Other engineer friends pointed to the great demand for STEM skills in energy. The industry does have cyclical ups and downs. However, there’s always a need for qualified individuals of varying STEM backgrounds.
For example, mechanical engineers are required to design advanced equipment to reliably extract oil and gas from great depths in the ocean where there are often super high pressures and extreme temperature ranges to contend with.
Civil engineers are needed to build the offshore structures that are equipped for operations and house all the personnel.
Chemical engineers provide innovative solutions for preventing solids formation to increase the efficiency of oil production.
Engineers who understand new technologies and standards are needed to do project management for the building of solar power plants. The list goes on and on, and another thing that makes the energy industry enticing is that it’s a global industry with opportunities to work with people from all over the world to have a positive impact on capabilities and sustainability.
Passionate about learning
It can be very beneficial for people entering the energy industry to research the different areas of the industry to begin to learn how it all works together. People can then further learn details more effectively as they target companies they can provide value for. Hiring managers are impressed by those who know details about their company and industry. Engineers and other professionals are naturally passionate about learning how things function, so talking to experienced employees about expectations and getting involved with industry associations can be very rewarding.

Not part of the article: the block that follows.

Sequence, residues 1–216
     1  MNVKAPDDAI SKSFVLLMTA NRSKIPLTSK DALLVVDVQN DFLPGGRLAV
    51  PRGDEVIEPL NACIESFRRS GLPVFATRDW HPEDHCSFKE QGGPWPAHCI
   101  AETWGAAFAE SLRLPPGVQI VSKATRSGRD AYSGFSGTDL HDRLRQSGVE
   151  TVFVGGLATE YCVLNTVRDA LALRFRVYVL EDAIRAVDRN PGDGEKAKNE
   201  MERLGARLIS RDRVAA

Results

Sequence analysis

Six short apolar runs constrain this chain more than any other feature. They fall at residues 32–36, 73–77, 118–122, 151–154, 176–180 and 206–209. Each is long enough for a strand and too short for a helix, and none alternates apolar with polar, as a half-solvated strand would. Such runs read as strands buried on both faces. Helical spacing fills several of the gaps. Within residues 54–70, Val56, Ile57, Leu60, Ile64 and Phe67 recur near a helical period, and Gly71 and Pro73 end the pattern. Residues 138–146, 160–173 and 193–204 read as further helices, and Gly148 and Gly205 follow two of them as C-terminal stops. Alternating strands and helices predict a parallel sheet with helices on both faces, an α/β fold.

Constructively provide value and overcome challenges
In order to increase company capabilities and reduce the risk of issues, STEM professionals and other professionals should constructively work with each other to:
- Avoid costly mistakes and problems
- Get the most productivity out of people
The more professionals constructively work with each other to point people in the right direction, the more effectively a company can utilize resources such as decision tables (to select proper seals for example) and near-miss incident information and the more effectively a company can gain the benefits from industry knowledge and advances such as those in industry standards and research.
Now, these are huge challenges professionals can have a great impact on working in the energy industry. In an advancing industry like the energy industry, it’s important that people fully contribute to the following aspects of improving a company undergoing change.
For details on an efficient process for increasing people’s contributions to these aspects of reliably and safely advancing company capabilities, check out this Advancement Process.
Constructive event of great importance
I anticipate the symposium at UTPA will lead to great discussions on reliably driving scientific and technological advances into company decision making to improve efficiency, safety and sustainability. It’s great to be a part of improving companies and industries.
Stay tuned. After the symposium, I will present some of the reactions and findings from those involved including good ways forward.
Here are some articles I have previously written on related subjects.